2023 doesn’t seem to have the same refreshing feel as new years are supposed to. You’re not alone if you’re not feeling that January burst of energy this week. There are plenty of reasons why a bit of fatigue, sadness, even burnout, have hung around into this new year, depending on what your life looked like in 2022, and previously.
There are also some universal elements of the human experience in 2022, and really the 2020s thus far, that are kind to keep in mind. We have collectively gone through massive trauma and loss, in the form of Covid-19 and a number of other related and unrelated global events, including economic hardship, job insecurity, land war in Europe, extreme and deadly weather, and now the ‘tripledemic’ further challenging our health.
Since these events have played out continuously since the onset of the initial pandemic in March 2020, we have not processed the stress, fatigue, and grief of this brutal series of experiences. We’re also, particularly as Americans, not very good at looking head-on at loss, or dealing with grief in a direct, healthy way.
As a result, it’s no surprise at all to hear people in a wide range of positions, life stages, and geographies, comment that ringing in 2023 hasn’t yet brought that breath of fresh air that we expect from January. Indeed, the uncertainty, disaster, unwellness, and challenge continue apace in a variety of ways for all of us.
There are also all kinds of planetary and interstellar factors dampening any new beginning energy. This article is focused on ways to reclaim that reset, but read more here about the astrological forces at work right now if you’re interested.
Our Best Is Needed Now More Than Ever
We need that refreshed energy, creativity, and hope now more than ever to have a chance of overcoming the ongoing challenges, uncertainty, and setbacks we continue to face. Specifically, we have no choice but to stay diligent about protecting our own physical and mental health. The latest pandemic is one of mental health. The World Health Organization estimated a 25% increase in anxiety and depression worldwide since March 2020.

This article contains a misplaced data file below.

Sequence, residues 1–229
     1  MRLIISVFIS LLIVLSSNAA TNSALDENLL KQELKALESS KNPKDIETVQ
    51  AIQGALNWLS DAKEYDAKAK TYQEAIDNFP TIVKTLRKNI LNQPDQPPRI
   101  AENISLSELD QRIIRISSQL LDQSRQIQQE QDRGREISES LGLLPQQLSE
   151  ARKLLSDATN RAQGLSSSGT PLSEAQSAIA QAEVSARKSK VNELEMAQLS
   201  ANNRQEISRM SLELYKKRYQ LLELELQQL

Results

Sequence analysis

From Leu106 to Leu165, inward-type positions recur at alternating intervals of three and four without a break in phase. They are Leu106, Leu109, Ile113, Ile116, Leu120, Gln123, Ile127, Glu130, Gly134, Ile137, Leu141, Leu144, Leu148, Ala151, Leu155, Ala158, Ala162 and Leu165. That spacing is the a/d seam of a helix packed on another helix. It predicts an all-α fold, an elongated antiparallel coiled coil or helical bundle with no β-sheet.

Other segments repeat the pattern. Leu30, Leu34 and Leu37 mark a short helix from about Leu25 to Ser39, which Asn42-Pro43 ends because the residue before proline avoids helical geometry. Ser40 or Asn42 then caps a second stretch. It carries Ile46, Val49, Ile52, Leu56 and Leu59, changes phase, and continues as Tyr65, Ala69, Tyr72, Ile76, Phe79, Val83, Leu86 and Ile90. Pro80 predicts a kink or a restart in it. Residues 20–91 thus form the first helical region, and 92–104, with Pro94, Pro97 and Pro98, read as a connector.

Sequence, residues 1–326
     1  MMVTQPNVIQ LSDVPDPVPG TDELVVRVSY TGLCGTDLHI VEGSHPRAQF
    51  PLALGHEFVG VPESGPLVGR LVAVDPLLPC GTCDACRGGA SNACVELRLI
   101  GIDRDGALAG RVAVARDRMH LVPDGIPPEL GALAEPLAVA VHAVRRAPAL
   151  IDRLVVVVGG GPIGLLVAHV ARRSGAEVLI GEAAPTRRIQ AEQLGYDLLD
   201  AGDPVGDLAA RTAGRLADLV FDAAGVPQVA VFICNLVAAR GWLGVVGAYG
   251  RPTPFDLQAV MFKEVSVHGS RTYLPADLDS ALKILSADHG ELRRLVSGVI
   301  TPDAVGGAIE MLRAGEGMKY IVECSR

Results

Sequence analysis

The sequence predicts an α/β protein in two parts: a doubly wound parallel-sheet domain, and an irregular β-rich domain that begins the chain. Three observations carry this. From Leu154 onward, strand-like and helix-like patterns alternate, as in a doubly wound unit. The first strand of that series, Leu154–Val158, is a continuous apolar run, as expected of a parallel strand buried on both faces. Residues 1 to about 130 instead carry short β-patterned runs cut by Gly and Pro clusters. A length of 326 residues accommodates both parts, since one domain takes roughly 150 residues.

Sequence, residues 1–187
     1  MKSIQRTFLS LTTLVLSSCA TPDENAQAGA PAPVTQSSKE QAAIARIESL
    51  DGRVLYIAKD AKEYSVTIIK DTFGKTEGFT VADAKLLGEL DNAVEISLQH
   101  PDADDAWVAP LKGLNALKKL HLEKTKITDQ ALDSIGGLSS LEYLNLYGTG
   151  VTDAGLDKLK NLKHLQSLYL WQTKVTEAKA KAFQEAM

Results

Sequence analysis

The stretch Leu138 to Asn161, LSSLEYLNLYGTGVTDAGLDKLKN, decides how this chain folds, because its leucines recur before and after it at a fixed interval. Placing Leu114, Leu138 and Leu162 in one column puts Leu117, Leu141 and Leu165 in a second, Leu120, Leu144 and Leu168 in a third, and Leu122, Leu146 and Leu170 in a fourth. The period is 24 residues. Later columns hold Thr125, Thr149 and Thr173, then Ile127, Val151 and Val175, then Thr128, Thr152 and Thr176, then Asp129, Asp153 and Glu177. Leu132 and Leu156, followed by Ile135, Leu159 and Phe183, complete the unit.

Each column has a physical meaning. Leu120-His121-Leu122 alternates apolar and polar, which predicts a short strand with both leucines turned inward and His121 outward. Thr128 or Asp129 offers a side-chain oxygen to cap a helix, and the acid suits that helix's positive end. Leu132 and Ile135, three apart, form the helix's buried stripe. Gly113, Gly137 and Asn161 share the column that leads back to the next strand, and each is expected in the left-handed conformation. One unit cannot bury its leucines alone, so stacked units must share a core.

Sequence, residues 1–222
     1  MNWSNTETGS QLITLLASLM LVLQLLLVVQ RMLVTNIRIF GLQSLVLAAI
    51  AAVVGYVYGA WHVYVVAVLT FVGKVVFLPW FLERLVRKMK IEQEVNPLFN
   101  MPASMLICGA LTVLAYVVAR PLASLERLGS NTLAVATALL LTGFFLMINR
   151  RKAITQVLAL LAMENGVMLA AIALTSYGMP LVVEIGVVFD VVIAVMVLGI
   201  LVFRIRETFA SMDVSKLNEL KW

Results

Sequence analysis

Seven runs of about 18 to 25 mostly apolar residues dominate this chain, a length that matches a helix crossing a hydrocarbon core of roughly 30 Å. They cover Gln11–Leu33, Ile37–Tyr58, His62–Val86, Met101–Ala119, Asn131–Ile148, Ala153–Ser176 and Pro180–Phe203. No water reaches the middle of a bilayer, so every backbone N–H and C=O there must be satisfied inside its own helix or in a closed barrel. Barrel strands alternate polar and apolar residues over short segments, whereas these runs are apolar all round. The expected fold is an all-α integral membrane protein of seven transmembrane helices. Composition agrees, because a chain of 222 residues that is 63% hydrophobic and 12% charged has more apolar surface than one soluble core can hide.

And RSV and seasonal flu have joined evolving variants of Covid-19 to threaten our pulmonary health.
We also need to be at our best for our families and our teams. Kids have been through the wringer with all kinds of school setups, lost opportunities for learning and socialization, and unavoidable fear, drama, and tragedy leaking into their day-to-day lives via casual conversations and media.
Our teams are figuring out all new ways of doing – in many cases – new forms of our businesses. The upheaval within and between industries means that there’s not a playbook for much of our days, regardless our level, function, or sector. And so we each have to show up with compassion, flexibility, and creativity to help each other get through the day, much less guide our businesses to success.
Finally, the world needs us at our best. Now that we’re a global population of 8 billion, we only have to address our 1/8,000,000,000th of global problems. But the problems are complex, interconnected, and existential. So whether your piece is related to war, climate, a growing wealth gap, access to health and wellbeing, unsustainable wage inequity, mental health crisis, the food shortage and resulting food insecurity, or something else, it’s important that you’re doing something to contribute to the solution on a daily basis.